October 01, 2012 00:00 By Wannapa Khaopa The Nation
Talented youngsters can sit in on tertiary classes
A new initiative is up and running to give secondary-school students with talent in science an opportunity to sit in on some university classes.
The talented students will also be able to claim credits from the courses taken at the campus.
When the initiative takes full effect, bright students will no longer remain stuck in school classes where the content may prove too simple for their brains. To ensure their full potential is not wasted, these students will progress to universities where a higher level of academic knowledge is available.
An initiative to offer a fast track to excellent pupils to help fulfil their dreams has now begun in Thailand. The National Science and Technology Development Agency (NSTDA) and its partners told a press conference last week they were working together to set up the Thailand Children’s University project with expert assistance from Germany.
Thaweesak Koanantakool, president of NSTDA, said: “In 2002, the University of Tubingen organised the first children’s university in Germany. Later many other institutions followed this Tubingen Children’s University model. Now, lots of universities in every province of the country have provided science education to school students. We’ve received assistance from Bielefeld University, a German university that has successfully run a children’s university.”
German secondary-school students who excel at science can be fast-tracked and given the chance to study at participating universities. As a result, high-flying students will be able to accumulate credits while still at school, and that would aid them in their progress at university, he said.
“These students can graduate with a bachelor’s degree within a year-and-a-half or two years after they accumulate the credits while they are in secondary schools,” Thaweesak said. “We hope to offer the fast track to Thai students, too.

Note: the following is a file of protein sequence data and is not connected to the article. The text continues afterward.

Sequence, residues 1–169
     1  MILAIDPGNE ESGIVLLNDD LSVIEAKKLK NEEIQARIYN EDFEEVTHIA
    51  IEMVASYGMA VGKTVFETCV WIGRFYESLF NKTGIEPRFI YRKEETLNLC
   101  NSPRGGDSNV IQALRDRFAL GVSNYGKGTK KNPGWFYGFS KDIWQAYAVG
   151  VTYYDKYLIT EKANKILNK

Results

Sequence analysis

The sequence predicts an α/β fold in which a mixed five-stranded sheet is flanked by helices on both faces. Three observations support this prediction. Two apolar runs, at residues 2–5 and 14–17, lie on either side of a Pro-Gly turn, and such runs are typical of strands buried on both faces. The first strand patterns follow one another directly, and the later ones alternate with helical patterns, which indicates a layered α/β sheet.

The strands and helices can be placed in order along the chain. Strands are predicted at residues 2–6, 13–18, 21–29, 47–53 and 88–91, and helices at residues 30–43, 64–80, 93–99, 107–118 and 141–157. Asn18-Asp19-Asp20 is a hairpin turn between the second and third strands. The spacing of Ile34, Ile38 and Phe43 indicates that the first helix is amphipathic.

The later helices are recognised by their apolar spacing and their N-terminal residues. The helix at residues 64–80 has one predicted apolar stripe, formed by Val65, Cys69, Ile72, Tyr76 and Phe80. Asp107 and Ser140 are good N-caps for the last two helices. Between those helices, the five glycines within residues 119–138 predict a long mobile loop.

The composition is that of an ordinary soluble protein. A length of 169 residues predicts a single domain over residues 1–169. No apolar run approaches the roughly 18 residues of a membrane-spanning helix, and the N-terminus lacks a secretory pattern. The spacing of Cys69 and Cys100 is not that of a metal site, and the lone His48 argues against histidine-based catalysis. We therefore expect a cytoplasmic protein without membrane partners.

“We are now seeking universities in Thailand as partners, and communicating with schools about our project,” he said.
Duangsamorn Klongsara, deputy director of the Institute for the Promotion of Teaching Science and Technology (IPST), said: “We have hundreds of thousands of excellent students participating in our Junior Science Talent Project who are the targets of the Thailand Children’s University. We will rank them and select the most eligible to enjoy fast track learning.”
King Mongkut’s University of Technology Thonburi has already been confirmed as a partner.
Not only will clever students enjoy learning science, but also other students will find learning the discipline is enjoyable as the participating universities will offer exciting experiments aimed at injecting fun into learning science. It aims at fostering a positive attitude among students from upper-primary to upper-secondary education towards science learning.
Duangsamorn suggested that handicapped students and also students in vocational education as well as those from private schools should be given a chance to try the experiment activities, which would arouse students’ curiosity.
NSTDA is disseminating information about the initiative among schools and universities. It kicked off science camps under this project last year and has so far hosted 500 secondary-school students. It plans to host camps to reach more students in every part of the country.
They have learned to do experiments on the chemistry of milk, citrus fruit, paper and ink, and nanotechnology. The titles include plastic from milk, milk Olympic games and magic colour from curd – for experiments on the chemistry of milk; scent, acid, magic, oil from peel, citric acid from lemon juice and vitamin C – for experiments on citrus fruit; recycle, ink from tea and magic of ink – for the experiments on paper and ink; and fullerenes, lotus effect and nanocluster – for experiments on nanotechnology.
Thaweesak said the work and experiments had been inspired by activities designed by Teutolab Chemistry at Bielefeld University. IPST would provide more experiment activities.
“Such interesting and enjoyable learning activities will make students feel more positive about science and less afraid of the subject,” Duangsamorn said.
“They offer an opportunity for students to learn science from objects or things around them and they will find that science is not too difficult to understand. We hope they will inspire more students to choose to study science and work in science-related fields.”
Moreover, schoolteachers will get training from university researchers and scientists in how to stimulate their students’ thirst for scientific knowledge.
The project was initiated after suggestions and assistance by HRH Princess Maha Chakri Sirindhorn. She was impressed by the success of the children’s university project at the Shanghai Institutes for Biological Sciences during her visit to China in 2010. It had spread originally to China and Egypt from Germany, Thaweesak said.
The German Academic Exchange Service and Thailand’s Office of the Basic Education Commission are also backing the project.
The Thailand Children’s University will be officially launched by HRH Princess Sirindhorn on October 30 at the Sirindhorn Science Home in Pathum Thani.